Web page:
This will be the final column in a series we have been enchanted by since Jon Michaud and Erin Overbey, The New Yorker’s head librarians, agreed to answer readers’ questions about the magazine’s past and present. Their daily investigations into the magazine’s mysteries, and their preservation of its treasures, take all their time; that they so generously gave more of it to us, and that our association developed into a friendship over time, has been one of the most rewarding results of the Emdashes experiment.
Like parents at a graduation, we’re a bit choked up and very proud to announce that Ask the Librarians will soon move to The New Yorker’s own Back Issues blog. As its debut post explains, “Look out for new features that will offer additional paths into The New Yorker’s archives—all without paper cuts or dust-induced sneezes.” Gesundheit, godspeed, and we gaily say goodbye. We look forward to the next installment at its new (and wonderfully traditional) home! There’s a new e-mail address for submitting burning research questions, as you’d expect, and it’s tny.archive at gmail dot com. The Ask the Librarians illustration is by Lara Tomlin, whom we also thank for her warm and graceful contribution.
Q. Who have The New Yorker’s chief fiction editors been, and what were their years of tenure?
Jon writes: For much of its history, The New Yorker frowned on the use of formal titles among its staff. As a result, there have been long periods of time when there was no designated chief fiction editor. Perhaps the best way to answer this question is simply to identify the staff members who have played a significant role in selecting and editing the fiction published by the magazine.
In this sense, The New Yorker’s first fiction editor was Harold Ross. Ross’s founding concept of the magazine as a “comic paper” included short, often satirical pieces of fiction by the likes of Robert Benchley, Dorothy Parker, and Frank Sullivan. (For many decades thereafter, the fiction department handled the magazine’s humor writers, including James Thurber, E. B. White, Woody Allen, George W. S. Trow, and Garrison Keillor.)
In the late twenties, The New Yorker also began to cultivate and publish more serious literary fiction. A great deal of the credit for this goes to Katharine S. White, who, with Ross’s blessing, solicited work from Kay Boyle, Sally Benson, and others. Later, she would oversee the publication of stories by John Cheever, Vladimir Nabokov, and many other writers now associated with The New Yorker. White had come to the magazine in August of 1925 as a part-time manuscript reader (she was Katharine Sergeant Angell then), but was rapidly given greater responsibilities, and arguably did more than anyone but Ross to shape The New Yorker’s editorial identity. During the thirties, Wolcott Gibbs and, later, William Maxwell, worked with Mrs. White in the fiction department.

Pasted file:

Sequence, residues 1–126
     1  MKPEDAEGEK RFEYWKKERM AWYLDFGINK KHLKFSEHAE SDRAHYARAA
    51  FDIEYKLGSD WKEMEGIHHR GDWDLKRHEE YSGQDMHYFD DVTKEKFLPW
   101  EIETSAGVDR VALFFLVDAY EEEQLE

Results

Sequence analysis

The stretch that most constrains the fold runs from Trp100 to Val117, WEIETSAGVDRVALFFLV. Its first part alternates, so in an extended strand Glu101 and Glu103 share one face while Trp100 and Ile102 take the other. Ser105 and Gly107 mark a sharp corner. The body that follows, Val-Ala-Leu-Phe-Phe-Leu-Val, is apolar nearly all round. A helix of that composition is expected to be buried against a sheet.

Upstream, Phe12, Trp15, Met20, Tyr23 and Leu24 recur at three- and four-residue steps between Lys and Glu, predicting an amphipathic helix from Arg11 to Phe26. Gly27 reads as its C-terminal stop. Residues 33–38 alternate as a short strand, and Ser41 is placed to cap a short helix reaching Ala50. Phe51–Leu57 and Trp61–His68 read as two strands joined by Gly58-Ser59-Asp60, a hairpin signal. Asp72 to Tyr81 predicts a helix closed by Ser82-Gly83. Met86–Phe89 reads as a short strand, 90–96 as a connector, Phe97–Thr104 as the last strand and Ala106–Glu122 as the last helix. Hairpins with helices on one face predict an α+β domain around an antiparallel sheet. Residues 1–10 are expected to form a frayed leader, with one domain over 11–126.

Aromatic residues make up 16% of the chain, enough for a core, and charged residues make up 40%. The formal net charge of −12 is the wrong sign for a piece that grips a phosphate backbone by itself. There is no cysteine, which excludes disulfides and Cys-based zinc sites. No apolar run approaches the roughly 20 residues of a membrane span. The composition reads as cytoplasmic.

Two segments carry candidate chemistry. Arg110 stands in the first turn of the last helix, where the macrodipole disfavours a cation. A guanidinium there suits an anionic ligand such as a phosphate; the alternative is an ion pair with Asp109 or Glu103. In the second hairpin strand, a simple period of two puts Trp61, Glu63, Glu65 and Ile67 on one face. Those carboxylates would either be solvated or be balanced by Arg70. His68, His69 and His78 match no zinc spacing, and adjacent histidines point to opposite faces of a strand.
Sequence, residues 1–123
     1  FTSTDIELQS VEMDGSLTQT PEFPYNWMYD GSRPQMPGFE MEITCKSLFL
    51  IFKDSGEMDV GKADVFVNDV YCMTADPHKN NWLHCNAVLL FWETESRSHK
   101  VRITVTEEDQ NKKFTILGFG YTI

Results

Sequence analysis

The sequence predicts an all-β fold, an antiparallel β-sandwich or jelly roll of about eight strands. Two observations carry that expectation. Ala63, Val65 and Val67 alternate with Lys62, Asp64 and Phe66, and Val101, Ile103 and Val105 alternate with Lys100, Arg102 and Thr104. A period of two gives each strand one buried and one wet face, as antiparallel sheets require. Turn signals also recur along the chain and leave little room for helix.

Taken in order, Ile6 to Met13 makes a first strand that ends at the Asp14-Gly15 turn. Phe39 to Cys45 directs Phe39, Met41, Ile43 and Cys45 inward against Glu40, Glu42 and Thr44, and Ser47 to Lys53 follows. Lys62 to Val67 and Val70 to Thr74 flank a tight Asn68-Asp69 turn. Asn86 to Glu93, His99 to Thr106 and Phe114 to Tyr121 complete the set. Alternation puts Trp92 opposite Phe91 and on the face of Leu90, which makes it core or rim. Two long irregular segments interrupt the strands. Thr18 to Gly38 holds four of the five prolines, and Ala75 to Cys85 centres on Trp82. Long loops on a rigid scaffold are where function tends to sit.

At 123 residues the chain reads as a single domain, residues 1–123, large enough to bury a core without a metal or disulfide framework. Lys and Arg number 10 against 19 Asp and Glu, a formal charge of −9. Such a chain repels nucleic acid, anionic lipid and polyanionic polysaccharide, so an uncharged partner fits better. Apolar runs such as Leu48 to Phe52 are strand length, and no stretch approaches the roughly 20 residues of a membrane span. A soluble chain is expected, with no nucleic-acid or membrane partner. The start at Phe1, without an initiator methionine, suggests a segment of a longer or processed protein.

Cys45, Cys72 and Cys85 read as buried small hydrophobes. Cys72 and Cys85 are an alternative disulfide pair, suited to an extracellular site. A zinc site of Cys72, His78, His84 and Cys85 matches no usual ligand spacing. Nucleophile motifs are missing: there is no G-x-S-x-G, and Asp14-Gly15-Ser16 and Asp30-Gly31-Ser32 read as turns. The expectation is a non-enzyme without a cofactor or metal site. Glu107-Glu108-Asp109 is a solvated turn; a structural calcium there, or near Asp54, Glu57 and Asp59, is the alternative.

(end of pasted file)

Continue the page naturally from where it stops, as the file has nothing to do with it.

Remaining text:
In 1938, Katharine and E. B. White moved to Maine, reducing their contributions to the magazine. A year later, Gibbs became the magazine’s theatre critic. Gustave (Gus) Lobrano, who had been at Town & Country, was hired to fill the vacancy and stayed at the magazine until his death, in 1956. Maxwell left The New Yorker for a time to focus on his writing. When the Whites moved back to New York in 1943, Mrs. White returned to full-time editorial work and continued to exert an enormous influence on the magazine until her retirement in 1957.
William Shawn did not name a new chief fiction editor upon White’s retirement, though Maxwell, who had resumed full-time editing duties in the fifties, was seen as the department’s leading member. Katharine White’s son, Roger Angell, who had been contributing pieces to The New Yorker since the forties, was hired as a fiction editor. Other editors who were prominent during this period were Robert Henderson and Rachel MacKenzie. Writers published in this era included John O’Hara, John Updike, Frank O’Connor, J. D. Salinger, Harold Brodkey, and Mavis Gallant.